7 ways to supercharge your Nokia N95

24th May 2007 | 23:00

7 ways to supercharge your Nokia N95

How do you make the best mobile phone even better?

The Nokia N95 it not just a great mobile phone. It is undoubtedly the best all-round mobile phone that has yet been launched. It is not just a jack of all trades - it's a master of most of them too.

This 3G smartphone whips would-be rivals thanks to its superb specification sheet. Its camera not only delivers 5-megapixel resolution, it offers you autofocus and flash too. The camcorder provides video footage that is good enough to watch on your telly - and provides you with the leads to do precisely that.

It doesn't just offer the usual mix of third generation services such as mobile TV and video conferencing, it offers lightening 3.5G download speeds thanks to HSDPA. And if you are out of coverage, or simply want to save money, you can get online using the onboard Wi-Fi facility.

And despite just weighing 120g, the N95 adds its killer punch by providing a built-in GPS aerial. Yes, you get sat-nav without having to buy any other accessories - and without having to spend a fortune on maps.

But good as the N95 is undoubtedly is, there are ways in which you can make it even better....

1) More memory

There's a very reasonable 160MB onboard - But you will need a lot more if you are going to make full use of the camera, camcorder or MP3 player. You first expense should be to buy a micro SD card. You could for the biggest the N95 will take - the new Sandisk 4GB micro SDHC card will cost you around £60. But it will be cheaper buying a library of 2GB cards, which can be found for as little as £15 a pop. Ensure your card comes with an SD adaptor - so your card can be used with standard computer card readers.

2) Stereo bluetooth headset

The N95 has a good quality digital music player that will play MP3 tracks, as well as audio in a variety of other formats. The supplied headset does a good job, but you can make it more high fidelity with better headset. We'd recommend going wireless - taking advantage of its A2DP-enabled Bluetooth capability. The Nokia BH-501 cable-free stereo headset costs around £50. Keep the headset you got in the box, though - this is also the aerial for the FM radio.

3) Boom box

Your N95 doesn't just have to be a personal hi-fi, it can be used to provide music for your kitchen, living room or office too. The built-in speakerphone does this for you - but you can boost volume and sound quality by using a compatible boom box. We like the look of the soon-to-be released House Party Blu from Gear4. It looks cool connects to the phone, as it name suggests, using Bluetooth - so no need to even take your N95 out of your pocket.

4) Full satellite navigation service

Thanks to the built-in GPS aerial and Nokia's superb downloadable Maps service, the N95 can tell you exactly where you are and where you need to go. Take the phone outside, or by a window, where it can receive satellite signals, and the local map will come up on screen. But if you want step-by-step instructions delivered in a timely manner as you drive - rather than a simple list of directions - you have to pay extra. You can try it out for a week for just £4.42 - but you get the best value if you take the three year option for £47.68.

Don't forget if you don't like these downloadable maps, for whatever reason, you can buy cartography on a card as used with previous N-Series smartphones - ALK's CoPilot Live , for instance, costs £85.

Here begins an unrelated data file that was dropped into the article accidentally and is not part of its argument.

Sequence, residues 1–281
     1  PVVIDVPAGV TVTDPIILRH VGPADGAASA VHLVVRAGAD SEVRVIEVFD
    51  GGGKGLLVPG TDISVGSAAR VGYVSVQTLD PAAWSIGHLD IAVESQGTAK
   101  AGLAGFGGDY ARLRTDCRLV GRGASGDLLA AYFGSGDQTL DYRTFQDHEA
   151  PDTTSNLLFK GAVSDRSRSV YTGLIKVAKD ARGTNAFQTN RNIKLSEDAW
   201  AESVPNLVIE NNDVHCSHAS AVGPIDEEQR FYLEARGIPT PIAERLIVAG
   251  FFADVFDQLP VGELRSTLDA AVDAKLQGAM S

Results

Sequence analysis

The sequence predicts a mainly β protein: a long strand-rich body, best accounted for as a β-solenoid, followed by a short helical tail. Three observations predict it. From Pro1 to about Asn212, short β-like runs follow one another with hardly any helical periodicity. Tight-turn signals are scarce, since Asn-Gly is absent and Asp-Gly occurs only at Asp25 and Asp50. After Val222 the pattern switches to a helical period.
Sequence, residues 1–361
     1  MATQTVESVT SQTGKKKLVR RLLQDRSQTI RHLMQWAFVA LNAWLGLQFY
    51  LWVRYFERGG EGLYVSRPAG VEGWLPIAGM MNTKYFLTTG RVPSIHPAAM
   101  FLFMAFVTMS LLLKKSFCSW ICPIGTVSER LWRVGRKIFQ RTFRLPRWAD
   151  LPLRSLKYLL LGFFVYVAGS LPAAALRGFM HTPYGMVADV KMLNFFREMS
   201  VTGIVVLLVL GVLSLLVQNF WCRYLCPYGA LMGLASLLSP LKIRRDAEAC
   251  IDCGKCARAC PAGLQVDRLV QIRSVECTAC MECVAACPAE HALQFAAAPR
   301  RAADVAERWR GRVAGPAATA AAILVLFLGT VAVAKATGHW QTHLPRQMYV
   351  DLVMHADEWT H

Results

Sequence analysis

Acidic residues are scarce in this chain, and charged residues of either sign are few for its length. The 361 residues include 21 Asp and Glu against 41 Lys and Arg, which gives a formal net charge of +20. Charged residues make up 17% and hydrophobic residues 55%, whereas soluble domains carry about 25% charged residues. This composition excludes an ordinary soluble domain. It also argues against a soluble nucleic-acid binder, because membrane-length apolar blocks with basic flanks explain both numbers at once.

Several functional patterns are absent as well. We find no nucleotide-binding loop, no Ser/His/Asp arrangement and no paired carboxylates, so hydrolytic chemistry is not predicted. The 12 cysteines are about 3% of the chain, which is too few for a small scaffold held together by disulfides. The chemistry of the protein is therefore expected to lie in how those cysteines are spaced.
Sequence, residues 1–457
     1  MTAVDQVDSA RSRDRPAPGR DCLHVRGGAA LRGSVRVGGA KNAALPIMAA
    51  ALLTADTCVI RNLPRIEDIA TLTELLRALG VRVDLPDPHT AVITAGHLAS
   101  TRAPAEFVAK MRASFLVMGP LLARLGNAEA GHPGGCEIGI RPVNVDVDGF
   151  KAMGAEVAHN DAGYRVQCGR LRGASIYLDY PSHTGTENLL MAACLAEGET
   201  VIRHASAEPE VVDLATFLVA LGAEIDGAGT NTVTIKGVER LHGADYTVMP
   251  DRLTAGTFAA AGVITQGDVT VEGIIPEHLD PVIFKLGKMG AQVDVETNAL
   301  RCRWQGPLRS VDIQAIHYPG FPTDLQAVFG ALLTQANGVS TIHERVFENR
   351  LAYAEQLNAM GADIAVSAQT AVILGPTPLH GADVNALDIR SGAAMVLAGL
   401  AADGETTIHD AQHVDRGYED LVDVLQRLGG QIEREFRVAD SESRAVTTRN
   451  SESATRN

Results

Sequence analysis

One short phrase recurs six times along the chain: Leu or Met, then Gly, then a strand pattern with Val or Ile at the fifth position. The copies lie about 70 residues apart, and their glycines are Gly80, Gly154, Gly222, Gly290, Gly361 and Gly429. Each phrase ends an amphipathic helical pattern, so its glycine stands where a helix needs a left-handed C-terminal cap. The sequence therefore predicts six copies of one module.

5) Add widgets

If you're used to getting widgets on your desktop PC or Mac, the idea of getting widgets on your phone will be hugely attractive. These small web-based apps can deliver news, information, blog posts, and virtually anything updates from websites direct to your phone screen. You don't have to log on the web to get it - the latest info is automatically fed to the widget on your phone display.

Nokia has developed a platform for delivering free widgets to a wide range of mobiles. Nokia-owned widget developer WidSets currently has over 1,400 widgets available covering numerous areas, from social networking to sports news.

6) Software update

The beauty of a smartphone is that you can add programs, productivity tools and reference information to suit you. There are masses to choose from (see www.handango.co.uk to look at what you can get for the S60 platform). But here are two that are well worth considering....

First, the N95 has a full complement of utilities to enable you to read documents that come attached to emails, or that you are carrying around with you for reference. But what if you want to actually edit or compose a Microsoft Word document or Excel spreadsheet? In order to do this you will need to download a suitable bit of software. MobiSystems OfficeSuite 3 , costing a very reasonable £15.50.

For those who want to save money on their calls, consider getting VoIP software that allows you to make calls over the internet using a Wi-Fi link. Could save you a packet, particularly if you make a lot of call abroad a lot - or call others users that can use VoIP. Check out Truphone to see what's in it for you.

7) Bluetooth keyboard

The Achilles' Heel of the N95 is that it is not a heavyweight smartphone. It may be billed as a portable computer, but without a touch-sensitive screen or typewriter keyboard this pocketable mobile is not really an alternative to a laptop. However, you can soon make it much more productive - by adding a typewriter console. A Bluetooth keyboard, such as the Nokia SU-8W (£80) - will have you answering those emails and typing reports much faster than you can with the numberpad alone.

Chris George

Nokia Wi-Fi VoIP Apple Microsoft Mobile phones Mobile computing Satellite navigation Internet
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